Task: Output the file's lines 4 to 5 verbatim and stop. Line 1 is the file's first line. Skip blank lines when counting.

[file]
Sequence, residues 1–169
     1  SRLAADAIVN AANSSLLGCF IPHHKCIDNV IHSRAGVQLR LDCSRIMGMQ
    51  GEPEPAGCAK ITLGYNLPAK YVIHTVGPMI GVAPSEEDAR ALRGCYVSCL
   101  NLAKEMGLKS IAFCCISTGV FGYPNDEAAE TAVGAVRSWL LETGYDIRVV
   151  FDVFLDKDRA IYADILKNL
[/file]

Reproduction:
   101  NLAKEMGLKS IAFCCISTGV FGYPNDEAAE TAVGAVRSWL LETGYDIRVV
   151  FDVFLDKDRA IYADILKNL